In this week's Pork Barrel Blog, IronPigs media assistant Pat McCarthy takes a look at the Phillies' pitching rotation possibilities and what they mean for the IronPigs' 2018 rotation.
Camp is in full swing so over coming weeks, we will break down some of the position battles and the potential impact they have on the Phillies and IronPigs. We begin with the starting rotation that has a true battle for the first time since 2009 when Chan Ho Park and JA Happ battled for a starting spot.
Aaron Nola is truly the only "lock" for the Phillies, with Vince Valasquez, Jared Eickoff and Nick Pivetta heavy favorites to be in the rotation come Opening Day. But that leaves the final spot in the rotation wide open. The Phillies have a number of players on their 40-man roster who have big league experience and could fill that role.
Ben Lively is the early favorite. He made 15 starts for Philadelphia last season and was one of the top rookie pitchers in quality starts. Jake Thompson was once considered the top-pitching prospect in the Phillies organization but struggled with Lehigh Valley after being the IL Pitcher of the Year in 2016. Thompson, 24, was recalled to Philadelphia in September and was very effective in his eight starts posting an ERA just above 3.
After a strong 2016 many people thought Zach Eflin would open the 2017 season in the Phillies starting rotation, but injuries limited Eflin to just 11 starts in 2017, matching his big league start total from the previous season. Eflin has a very high ceiling and, at just 23-years-old, could crack the rotation with a strong spring and prove the pair of complete games he tossed in his rookie season were not a fluke.
Mark Leiter is another candidate for the job after a very impressive rookie year. The 26-year-old will likely open the season with the Phillies either in the bullpen as a long reliever or as a full time starter. Making 26 appearances and 11 starts for the Phillies, Leiter tallied three wins and 4.96 ERA in his 90.2 big league innings.
The darkhorse amongst the bunch is IL All-star and non-roster invitee Tom Eshelman. Had the 23-year-old been eligible for the Rule 5 Draft the Phillies would likely have protected him on the 40-man roster. But because of the limited space and the need to protect those who could have been selected, Eshelman was left off and invited to big league camp as a non-roster player. That said, if Eshelman proves he is worthy of a spot in the big leagues, do not count out the possibility of the righty being added to the active roster and opening the season with the team.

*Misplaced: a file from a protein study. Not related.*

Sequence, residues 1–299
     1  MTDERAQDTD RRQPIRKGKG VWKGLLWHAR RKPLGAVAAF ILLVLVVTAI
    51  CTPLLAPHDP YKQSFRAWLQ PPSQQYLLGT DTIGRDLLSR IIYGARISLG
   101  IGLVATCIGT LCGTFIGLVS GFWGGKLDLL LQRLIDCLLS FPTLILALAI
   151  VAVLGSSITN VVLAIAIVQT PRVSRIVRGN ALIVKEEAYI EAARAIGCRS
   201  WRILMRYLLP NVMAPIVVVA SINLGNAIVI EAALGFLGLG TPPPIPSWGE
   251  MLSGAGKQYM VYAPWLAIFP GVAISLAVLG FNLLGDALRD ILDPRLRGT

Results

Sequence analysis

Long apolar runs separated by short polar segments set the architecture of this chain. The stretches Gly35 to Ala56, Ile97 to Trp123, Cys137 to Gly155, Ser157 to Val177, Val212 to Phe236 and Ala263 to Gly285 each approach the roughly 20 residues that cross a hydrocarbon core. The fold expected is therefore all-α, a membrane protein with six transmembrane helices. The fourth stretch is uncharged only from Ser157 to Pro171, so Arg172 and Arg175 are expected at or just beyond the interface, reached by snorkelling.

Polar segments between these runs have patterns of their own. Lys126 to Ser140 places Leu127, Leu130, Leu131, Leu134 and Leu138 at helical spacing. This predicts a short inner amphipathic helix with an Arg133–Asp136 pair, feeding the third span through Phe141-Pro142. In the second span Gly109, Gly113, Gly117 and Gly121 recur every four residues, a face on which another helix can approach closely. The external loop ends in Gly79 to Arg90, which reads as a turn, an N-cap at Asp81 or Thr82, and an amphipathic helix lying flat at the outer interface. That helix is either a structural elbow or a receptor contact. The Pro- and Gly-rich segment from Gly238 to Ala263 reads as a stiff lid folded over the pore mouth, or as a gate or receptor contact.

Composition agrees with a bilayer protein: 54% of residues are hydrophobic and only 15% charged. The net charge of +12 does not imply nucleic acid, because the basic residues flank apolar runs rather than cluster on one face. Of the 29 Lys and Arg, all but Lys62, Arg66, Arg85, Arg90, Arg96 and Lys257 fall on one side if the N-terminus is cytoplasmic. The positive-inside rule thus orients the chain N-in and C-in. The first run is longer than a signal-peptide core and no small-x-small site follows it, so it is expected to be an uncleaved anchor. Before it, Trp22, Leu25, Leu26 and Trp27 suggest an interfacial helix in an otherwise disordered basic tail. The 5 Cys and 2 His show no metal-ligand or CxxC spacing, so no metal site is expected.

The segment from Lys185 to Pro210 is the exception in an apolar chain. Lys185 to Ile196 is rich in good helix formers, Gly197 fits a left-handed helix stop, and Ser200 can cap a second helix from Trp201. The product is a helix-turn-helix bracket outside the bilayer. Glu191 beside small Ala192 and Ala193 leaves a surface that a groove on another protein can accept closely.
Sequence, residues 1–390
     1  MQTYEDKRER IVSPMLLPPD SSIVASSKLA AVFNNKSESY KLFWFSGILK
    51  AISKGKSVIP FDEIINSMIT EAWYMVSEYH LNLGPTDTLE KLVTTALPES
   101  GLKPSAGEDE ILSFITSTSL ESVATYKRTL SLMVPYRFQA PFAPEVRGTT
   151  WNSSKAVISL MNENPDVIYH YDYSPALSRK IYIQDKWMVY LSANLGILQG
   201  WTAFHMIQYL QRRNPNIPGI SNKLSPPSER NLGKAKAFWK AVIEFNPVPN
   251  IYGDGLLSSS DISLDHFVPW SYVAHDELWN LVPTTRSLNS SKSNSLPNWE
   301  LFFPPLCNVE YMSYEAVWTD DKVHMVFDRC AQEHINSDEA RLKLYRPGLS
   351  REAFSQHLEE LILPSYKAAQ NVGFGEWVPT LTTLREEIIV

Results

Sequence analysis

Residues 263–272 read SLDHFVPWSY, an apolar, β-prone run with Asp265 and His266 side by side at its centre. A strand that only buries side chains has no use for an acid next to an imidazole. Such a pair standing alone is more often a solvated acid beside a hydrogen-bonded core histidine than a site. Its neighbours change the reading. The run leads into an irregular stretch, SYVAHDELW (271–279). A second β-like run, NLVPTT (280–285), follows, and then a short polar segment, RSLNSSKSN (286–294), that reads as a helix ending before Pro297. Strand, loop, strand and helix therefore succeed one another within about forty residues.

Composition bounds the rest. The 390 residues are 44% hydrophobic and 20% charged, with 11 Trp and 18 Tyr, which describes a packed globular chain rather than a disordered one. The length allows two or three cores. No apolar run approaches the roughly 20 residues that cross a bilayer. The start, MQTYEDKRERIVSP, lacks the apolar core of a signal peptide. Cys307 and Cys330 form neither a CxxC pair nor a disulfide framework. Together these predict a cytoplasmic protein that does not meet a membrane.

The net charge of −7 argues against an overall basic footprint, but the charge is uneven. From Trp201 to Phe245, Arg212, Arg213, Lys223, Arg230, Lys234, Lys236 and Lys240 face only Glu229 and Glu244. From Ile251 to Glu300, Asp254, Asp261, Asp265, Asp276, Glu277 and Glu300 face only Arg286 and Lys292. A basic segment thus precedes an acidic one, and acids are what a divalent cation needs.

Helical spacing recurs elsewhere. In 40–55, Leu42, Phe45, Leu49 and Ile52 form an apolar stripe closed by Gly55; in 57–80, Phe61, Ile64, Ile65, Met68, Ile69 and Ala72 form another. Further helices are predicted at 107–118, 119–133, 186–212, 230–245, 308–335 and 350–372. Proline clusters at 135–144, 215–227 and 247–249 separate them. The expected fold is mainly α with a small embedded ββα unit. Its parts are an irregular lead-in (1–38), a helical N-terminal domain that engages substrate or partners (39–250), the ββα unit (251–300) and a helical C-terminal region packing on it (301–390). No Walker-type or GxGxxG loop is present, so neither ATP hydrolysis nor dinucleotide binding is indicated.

The Phillies recently brought in former Blue Jay and Pirate Drew Hutchison on a minor league deal with an invite to Spring Training. Hutchinson's best season came back in 2015 with Toronto when he made 28 starts and went 13-5 and tossed a complete game shutout. Last season with Indianapolis, the 27-year-old went 9-9 with a 3.56 ERA in 26 starts for the Indians.
Any of these players who do not make the rotation could form an incredibly strong Triple-A staff for new IronPigs Manager Gary Jones if the Phillies elect to send them to the Lehigh Valley. Every one of these pitchers has had great success in the IL and could be part of a stout rotation that heads to Pawtucket on April 6. Depending on how things go, the Pigs could be looking at a rotation with a former 15 game winner, a pair of Paul Owens Award winners and an IL Pitcher of the Year.
This highly talented pitching group may not be complete, either. It's all speculation, but there are a number of big-name free agents out there that the Phillies could potentially land.
The team has already been linked to Jake Arrietta, though it's unlikely that they sign the former Cy Young winner. The Phillies have shown they are willing to spend by bringing in Carlos Santana, Pat Neshek and Tommy Hunter on short term deals with while still giving out enough money to make it worth their while. So if the Phillies can convince Arrietta's agent Scott Boras that it is worth it for the former TCU Horned Frog to come to the City of Brotherly Love for say 3 years at 20-25 million a year plus some incentives it may make some sense for the Phillies to bring in the 31-year-old.
Other names out there include Alex Cobb and Lance Lynn, who are both younger than Arrietta but come with much more risk. Both have had success in the bigs but are coming off Tommy John surgery. It has become "normal" for a pitcher to have gone under the knife but the Phillies window is about to be wide open with their young crop of talent and they want to make sure they are spending their money wisely.
Keep an eye out for the next Hog Blog breakdown of the bullpen and catching battles in camp and the impact they could have on the IronPigs.
This story was not subject to the approval of the National Association of Professional Baseball Leagues or its clubs.